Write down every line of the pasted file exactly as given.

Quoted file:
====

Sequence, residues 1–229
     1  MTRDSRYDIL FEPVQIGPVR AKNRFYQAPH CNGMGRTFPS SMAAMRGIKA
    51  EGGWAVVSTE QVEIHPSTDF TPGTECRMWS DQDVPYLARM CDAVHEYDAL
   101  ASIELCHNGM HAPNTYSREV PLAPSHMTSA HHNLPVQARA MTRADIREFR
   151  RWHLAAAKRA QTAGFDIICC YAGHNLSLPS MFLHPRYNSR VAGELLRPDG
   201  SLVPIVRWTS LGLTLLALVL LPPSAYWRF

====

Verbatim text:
Sequence, residues 1–229
     1  MTRDSRYDIL FEPVQIGPVR AKNRFYQAPH CNGMGRTFPS SMAAMRGIKA
    51  EGGWAVVSTE QVEIHPSTDF TPGTECRMWS DQDVPYLARM CDAVHEYDAL
   101  ASIELCHNGM HAPNTYSREV PLAPSHMTSA HHNLPVQARA MTRADIREFR
   151  RWHLAAAKRA QTAGFDIICC YAGHNLSLPS MFLHPRYNSR VAGELLRPDG
   201  SLVPIVRWTS LGLTLLALVL LPPSAYWRF